BUFFALO, N.Y. — Nearly 18 months after the president touched off a firestorm by signing an executive order that banned travelers from several countries, including six Muslim-majority nations, the United States Supreme Court is upholding the move. In a 5 to 4 decision, the court ruled the president's move was made in the interest of national security.
"It was a shock because I thought the Supreme Court would display better judgment. But the Supreme Court is the Supreme Court, so they have put a legal stamp on it," said Faizan Haq, president of WNY Muslims.
Haq believes the ruling will a have a devastating effect on families.
"It will separate families, people will not be able to travel, people will not be able to meet their loved ones," said Haq.
He also believes the move could trigger another humanitarian crisis.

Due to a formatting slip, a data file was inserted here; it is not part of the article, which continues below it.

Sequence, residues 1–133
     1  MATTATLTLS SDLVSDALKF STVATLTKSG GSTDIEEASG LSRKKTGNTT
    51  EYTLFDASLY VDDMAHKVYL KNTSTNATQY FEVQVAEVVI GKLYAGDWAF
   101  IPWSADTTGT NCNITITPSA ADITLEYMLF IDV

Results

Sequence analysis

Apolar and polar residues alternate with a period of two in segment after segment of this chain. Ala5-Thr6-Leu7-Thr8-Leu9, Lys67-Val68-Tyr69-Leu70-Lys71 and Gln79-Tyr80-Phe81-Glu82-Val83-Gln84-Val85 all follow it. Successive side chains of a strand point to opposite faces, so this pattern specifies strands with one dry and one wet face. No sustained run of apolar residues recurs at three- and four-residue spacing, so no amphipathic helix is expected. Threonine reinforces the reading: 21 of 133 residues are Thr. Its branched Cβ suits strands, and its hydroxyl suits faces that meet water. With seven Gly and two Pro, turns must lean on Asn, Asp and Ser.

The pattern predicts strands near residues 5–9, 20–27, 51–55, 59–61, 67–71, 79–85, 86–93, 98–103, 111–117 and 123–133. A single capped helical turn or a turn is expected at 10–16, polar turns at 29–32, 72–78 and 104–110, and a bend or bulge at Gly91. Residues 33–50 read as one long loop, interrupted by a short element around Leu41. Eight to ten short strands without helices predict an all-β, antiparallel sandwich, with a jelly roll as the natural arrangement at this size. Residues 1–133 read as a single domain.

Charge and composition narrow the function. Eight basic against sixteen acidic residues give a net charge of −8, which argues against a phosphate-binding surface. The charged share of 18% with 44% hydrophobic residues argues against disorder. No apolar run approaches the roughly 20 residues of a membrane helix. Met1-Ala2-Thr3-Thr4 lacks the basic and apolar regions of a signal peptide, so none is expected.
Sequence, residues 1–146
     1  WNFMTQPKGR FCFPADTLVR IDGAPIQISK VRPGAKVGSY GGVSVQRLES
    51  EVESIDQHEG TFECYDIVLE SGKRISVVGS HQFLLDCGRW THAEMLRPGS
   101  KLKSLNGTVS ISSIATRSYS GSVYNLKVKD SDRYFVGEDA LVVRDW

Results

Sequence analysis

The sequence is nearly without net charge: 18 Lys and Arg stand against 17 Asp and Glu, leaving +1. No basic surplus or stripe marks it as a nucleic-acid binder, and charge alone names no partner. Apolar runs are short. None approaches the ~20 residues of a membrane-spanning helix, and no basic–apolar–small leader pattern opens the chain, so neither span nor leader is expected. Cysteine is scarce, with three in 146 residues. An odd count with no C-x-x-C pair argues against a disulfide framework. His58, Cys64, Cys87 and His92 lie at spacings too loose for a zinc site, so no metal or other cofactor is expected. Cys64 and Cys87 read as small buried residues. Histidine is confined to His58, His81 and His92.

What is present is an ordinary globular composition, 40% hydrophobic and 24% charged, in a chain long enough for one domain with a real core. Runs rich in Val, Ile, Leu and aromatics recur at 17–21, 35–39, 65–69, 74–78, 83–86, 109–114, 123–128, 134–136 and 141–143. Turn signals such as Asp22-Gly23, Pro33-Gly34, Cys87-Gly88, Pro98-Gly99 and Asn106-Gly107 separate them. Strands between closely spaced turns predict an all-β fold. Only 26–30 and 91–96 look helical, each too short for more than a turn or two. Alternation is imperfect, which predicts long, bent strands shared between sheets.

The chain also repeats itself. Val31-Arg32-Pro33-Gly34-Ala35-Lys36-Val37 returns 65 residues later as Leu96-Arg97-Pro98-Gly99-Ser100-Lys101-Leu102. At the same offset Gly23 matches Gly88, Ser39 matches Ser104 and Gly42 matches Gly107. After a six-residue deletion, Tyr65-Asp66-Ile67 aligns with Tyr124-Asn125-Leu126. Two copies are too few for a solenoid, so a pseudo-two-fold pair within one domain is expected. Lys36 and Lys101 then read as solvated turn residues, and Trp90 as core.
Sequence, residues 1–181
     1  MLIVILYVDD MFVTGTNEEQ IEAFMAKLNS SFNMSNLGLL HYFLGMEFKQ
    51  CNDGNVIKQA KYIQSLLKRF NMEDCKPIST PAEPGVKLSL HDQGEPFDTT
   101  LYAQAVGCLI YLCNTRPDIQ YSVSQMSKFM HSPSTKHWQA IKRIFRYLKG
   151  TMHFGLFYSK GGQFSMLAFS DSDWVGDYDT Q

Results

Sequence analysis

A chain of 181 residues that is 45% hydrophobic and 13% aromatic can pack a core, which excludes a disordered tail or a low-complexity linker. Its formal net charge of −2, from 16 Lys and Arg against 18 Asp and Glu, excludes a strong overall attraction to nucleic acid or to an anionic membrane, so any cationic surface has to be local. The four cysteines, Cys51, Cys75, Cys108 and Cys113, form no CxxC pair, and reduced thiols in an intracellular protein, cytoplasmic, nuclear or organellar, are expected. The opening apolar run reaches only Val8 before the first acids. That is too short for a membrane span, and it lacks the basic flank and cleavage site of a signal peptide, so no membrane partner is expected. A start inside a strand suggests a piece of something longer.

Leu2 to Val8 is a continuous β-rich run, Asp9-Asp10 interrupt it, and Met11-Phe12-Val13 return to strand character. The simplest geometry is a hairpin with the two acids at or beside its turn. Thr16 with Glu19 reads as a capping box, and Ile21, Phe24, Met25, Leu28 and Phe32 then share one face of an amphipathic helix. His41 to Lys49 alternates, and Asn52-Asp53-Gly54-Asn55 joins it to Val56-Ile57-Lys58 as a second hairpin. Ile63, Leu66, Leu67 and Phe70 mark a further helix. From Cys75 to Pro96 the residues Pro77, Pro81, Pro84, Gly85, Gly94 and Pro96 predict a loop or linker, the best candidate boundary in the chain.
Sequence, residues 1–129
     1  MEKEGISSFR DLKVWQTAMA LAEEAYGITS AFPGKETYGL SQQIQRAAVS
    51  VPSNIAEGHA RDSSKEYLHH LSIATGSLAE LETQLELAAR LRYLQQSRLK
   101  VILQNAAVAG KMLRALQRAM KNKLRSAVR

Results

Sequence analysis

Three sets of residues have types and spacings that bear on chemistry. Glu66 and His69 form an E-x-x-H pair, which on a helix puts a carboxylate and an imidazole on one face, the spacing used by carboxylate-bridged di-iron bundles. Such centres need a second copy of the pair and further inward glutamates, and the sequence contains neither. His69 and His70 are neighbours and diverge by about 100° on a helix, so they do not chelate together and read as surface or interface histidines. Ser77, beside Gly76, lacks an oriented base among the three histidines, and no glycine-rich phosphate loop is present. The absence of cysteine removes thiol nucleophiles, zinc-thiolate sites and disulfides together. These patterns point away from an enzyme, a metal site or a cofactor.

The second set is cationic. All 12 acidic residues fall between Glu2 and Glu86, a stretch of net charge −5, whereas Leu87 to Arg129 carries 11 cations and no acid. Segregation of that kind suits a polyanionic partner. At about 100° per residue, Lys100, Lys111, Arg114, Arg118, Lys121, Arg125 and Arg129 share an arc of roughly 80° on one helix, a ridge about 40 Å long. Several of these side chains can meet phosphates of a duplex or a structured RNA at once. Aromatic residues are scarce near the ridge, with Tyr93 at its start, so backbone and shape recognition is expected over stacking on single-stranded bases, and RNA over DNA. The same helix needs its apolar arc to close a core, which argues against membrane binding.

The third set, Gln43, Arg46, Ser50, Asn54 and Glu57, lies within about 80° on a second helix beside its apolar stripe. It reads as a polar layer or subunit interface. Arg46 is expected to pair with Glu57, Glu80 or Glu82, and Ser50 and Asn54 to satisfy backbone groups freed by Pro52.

"The people who are, let’s suppose their visa are approved, they're set to go, they're sitting in refugee camps and suddenly they cannot move and they've been vetted through the process," he said. "It doesn't take that into consideration. So there's a lot of ambiguity and there's a panic right now."
"To be perfectly honest, the outcome was not unexpected but the breadth of the court's opinion and the implications were actually quite troubling," said Rick Su, a law professor at the University at Buffalo.
He says the ruling does raise some constitutional concerns about presidential authority to rewrite immigration policy.
"It may go against what Congress has actually stipulated with regard to who can come in and who cannot," he said. "The First Amendment component is troubling as well because it seems to exempt a lot of the things that the president would do from judicial review even when it goes against the Constitution, even though it may raise a constitutional concern with regard to the First Amendment."
Three versions of the president's travel ban were rejected by lower courts before it was heard by the Supreme Court.